Most of us will be familiar with drones, and their role within the construction industry is becoming increasingly important. Even though this is currently limited to mainly mapping and surveying tasks, their use in the future could be far more widespread.

Image Credit

Current Use of Drones

At the moment, drones are mainly used to access areas that heavy equipment and humans cannot get to, as they are small and agile devices that have a light payload, so they can easily fly around a site.  This is handy when surveying a tall building like a castle or a tall tower to see if any of the exterior of the building needs work or windows need replacing.  It might just be they are in need of an Emergency Glaziers Leicester way to come and repair them for you through sites like nanduglass.co.uk/replacement-glazing/  Drones can be fitted with high-resolution cameras and relay images directly back to construction teams, gathering aerial surveys of sites and taking progress shots, such as the development of tensile structures, without having to leave the ground.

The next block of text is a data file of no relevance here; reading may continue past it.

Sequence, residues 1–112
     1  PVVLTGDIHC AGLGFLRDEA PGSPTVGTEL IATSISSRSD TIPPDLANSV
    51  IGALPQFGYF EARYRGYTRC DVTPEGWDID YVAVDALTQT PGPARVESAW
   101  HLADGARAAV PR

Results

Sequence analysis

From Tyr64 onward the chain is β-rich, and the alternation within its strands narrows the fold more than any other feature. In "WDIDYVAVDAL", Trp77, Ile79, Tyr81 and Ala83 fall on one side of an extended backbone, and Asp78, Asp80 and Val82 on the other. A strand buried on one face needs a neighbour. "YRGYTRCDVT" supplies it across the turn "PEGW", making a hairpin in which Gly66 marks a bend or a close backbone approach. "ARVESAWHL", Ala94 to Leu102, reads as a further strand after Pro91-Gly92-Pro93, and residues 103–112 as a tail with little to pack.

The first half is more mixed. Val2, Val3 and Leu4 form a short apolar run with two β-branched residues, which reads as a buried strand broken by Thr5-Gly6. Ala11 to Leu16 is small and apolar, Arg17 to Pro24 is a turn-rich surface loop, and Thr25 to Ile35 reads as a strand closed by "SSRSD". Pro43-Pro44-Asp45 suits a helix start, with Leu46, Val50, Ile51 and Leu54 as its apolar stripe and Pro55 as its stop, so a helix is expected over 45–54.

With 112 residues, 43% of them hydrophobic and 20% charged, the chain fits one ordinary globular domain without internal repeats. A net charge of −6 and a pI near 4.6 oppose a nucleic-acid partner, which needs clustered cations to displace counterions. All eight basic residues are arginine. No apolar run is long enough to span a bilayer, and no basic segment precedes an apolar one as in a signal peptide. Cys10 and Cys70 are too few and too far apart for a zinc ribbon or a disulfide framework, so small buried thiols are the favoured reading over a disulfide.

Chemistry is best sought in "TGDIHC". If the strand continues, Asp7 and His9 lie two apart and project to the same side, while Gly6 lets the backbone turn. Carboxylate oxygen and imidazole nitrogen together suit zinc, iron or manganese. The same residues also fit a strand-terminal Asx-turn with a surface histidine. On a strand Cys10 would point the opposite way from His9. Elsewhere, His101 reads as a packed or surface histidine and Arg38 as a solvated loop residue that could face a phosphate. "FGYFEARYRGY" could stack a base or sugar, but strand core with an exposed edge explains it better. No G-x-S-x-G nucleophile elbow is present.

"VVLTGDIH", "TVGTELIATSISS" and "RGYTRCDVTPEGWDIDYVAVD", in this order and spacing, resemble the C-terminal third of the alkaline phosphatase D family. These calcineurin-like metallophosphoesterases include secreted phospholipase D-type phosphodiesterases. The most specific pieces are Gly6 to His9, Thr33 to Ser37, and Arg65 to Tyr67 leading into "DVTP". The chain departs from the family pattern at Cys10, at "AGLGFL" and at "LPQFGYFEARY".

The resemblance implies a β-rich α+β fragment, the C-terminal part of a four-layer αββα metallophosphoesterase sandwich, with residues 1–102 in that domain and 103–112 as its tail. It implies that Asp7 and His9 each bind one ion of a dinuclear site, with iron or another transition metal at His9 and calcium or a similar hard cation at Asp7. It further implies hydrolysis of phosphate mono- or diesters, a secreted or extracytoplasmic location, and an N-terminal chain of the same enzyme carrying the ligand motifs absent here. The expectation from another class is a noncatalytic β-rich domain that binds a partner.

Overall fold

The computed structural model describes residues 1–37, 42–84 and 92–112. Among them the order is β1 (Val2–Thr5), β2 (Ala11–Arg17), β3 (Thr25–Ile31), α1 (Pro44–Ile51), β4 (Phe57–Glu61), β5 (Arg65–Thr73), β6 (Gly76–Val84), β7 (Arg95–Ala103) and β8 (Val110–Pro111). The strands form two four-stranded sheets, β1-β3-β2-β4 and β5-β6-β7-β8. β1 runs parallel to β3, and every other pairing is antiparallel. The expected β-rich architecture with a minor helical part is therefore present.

As the drones can fly at a low level, it’s possible to record a number of images to provide a real-time overview. This can help to reduce delays or see where issues might arise, such as in the development of the Sacramento Kings’ new stadium in California, where drones were used to monitor the progress from overhead.

Future Use of Drones

The benefit of drones to the construction industry is not just limited to simple surveying work, and as the technology becomes more advanced, it will enable the machines to become an integral part of the development process.

They can reduce the need for expensive safety equipment to enable construction workers to carry out the same tasks, which will save time and money, and they are considerably more reliable and accurate than a human could be.

With all this technological development, it could be possible in the future for drones to be capable of moving cargo from one part of the site to another. We are a long way from their being able to carry out the work of a crane, but they could move small tools and parts for companies. For instance, they could employ drones one day to lift sections into place or ensure the structure was properly connected.

The use of drones on construction sites is just in the initial stages, and depending on the speed of the development process, they could soon be far more capable than many of us could have envisaged just a few years ago.